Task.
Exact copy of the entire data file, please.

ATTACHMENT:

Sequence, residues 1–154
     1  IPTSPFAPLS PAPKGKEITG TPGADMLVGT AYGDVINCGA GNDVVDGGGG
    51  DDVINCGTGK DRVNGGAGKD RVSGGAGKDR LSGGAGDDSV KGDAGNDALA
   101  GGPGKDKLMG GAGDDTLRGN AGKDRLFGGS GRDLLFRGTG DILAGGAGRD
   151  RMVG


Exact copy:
Sequence, residues 1–154
     1  IPTSPFAPLS PAPKGKEITG TPGADMLVGT AYGDVINCGA GNDVVDGGGG
    51  DDVINCGTGK DRVNGGAGKD RVSGGAGKDR LSGGAGDDSV KGDAGNDALA
   101  GGPGKDKLMG GAGDDTLRGN AGKDRLFGGS GRDLLFRGTG DILAGGAGRD
   151  RMVG